LINGUIST List 14.2205

Wed Aug 20 2003

Qs: Pitch Analysis In Speech; Field Methods Course

Editor for this issue: Prashant Nagaraja <prashantlinguistlist.org>


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Directory

  1. Marie Safarova, Analyzing pitch in speech and in music
  2. Christopher Miller, field methods course: human subject issues

Message 1: Analyzing pitch in speech and in music

Date: Wed, 20 Aug 2003 08:20:31 +0000
From: Marie Safarova <M.Safarovauva.nl>
Subject: Analyzing pitch in speech and in music

I´d be grateful for any references to literature on the connections
between the meaning of pitch in speech and in music (possible
parallels, difficulties, etc). Many thanks, Marie Safarova University
of Amsterdam
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Message 2: field methods course: human subject issues

Date: Tue, 19 Aug 2003 15:35:29 -0400
From: Christopher Miller <miller.christopheruqam.ca>
Subject: field methods course: human subject issues


This year I will be teaching a field methods course for second year
graduate students at Gallaudet University. Naturally, this course
involves working with a (paid) language consultant, in other words a
human subject. Over the year, students will obtain data from the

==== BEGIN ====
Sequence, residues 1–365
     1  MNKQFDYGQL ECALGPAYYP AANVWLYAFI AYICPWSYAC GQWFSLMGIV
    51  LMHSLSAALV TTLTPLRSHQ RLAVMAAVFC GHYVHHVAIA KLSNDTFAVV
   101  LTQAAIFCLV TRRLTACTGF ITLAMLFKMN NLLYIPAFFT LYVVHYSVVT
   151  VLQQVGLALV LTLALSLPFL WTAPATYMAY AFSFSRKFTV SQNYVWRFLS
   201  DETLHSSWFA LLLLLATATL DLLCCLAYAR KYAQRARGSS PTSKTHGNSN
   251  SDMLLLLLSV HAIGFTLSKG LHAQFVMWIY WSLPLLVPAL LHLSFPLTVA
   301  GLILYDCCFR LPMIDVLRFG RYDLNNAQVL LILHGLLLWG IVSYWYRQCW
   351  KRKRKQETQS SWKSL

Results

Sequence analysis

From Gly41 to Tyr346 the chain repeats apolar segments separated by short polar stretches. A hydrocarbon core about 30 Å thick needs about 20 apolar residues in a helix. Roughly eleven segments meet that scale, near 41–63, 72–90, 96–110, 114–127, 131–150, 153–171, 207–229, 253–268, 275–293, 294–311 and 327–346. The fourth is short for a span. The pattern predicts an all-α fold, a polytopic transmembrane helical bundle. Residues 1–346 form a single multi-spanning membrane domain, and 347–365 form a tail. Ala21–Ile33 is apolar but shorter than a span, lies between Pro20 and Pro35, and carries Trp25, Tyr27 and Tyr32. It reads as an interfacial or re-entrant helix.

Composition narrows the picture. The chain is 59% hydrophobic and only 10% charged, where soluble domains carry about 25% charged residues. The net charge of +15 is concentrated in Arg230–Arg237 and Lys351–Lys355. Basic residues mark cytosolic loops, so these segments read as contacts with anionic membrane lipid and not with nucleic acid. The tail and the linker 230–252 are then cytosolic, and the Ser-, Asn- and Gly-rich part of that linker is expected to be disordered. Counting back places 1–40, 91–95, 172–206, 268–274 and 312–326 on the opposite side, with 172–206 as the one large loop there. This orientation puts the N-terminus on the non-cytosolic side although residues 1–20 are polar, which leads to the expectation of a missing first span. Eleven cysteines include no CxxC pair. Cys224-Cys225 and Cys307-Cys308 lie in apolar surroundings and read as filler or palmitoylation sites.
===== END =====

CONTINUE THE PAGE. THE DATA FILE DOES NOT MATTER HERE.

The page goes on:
consultant and will prepare a descriptive paper at the end of the
course based on their data. Since this course deals with sign
languages (i.e. a sign language other than ASL), data will be recorded
by videotaping the consultant's productions. Just last week, the
question came up of whether filming our consultant requires the course
to receive a blanket approval from our university's Institutional
Review Board. (Since the consultant will be videotaped, this means
s/he would be readily identifiable in the future.) Additionally, the
university requires that unless the videotapes are archived, they must
be destroyed after two years.

I am scheduled to meet with the head of our IRB later this week, and
would like to get a feel for practice in other universities before I
talk with him. My position, supported elsewhere in the department, is
that given the nature of a field methods course, we would hope for
exemption from the normal approval needed prior to undertaking any
research with a human subject.

I realise that most people on LINGUIST will only have dealt with human
subjects issues in spoken languages, where videotaping (and subject
identifiability) probably wouldn't pose the same kind of difficulties.
Nonetheless, I would be grateful for any input other people involved
in field methods courses, involving either spoken or signed languages,
could give me. What has your experience been? Have you had to deal
with any unexpected or unusual ethical issues? Has your institution
required IRB approval for working with a human subject? Has the
institution required you to restrict in some way the subsequent use of
data obtained in the course? (E.g. destruction of original data, ban
on publication or dissemination of results, signed undertakings on the
part of course participants?)

I look forward to your feedback,

Chris Miller
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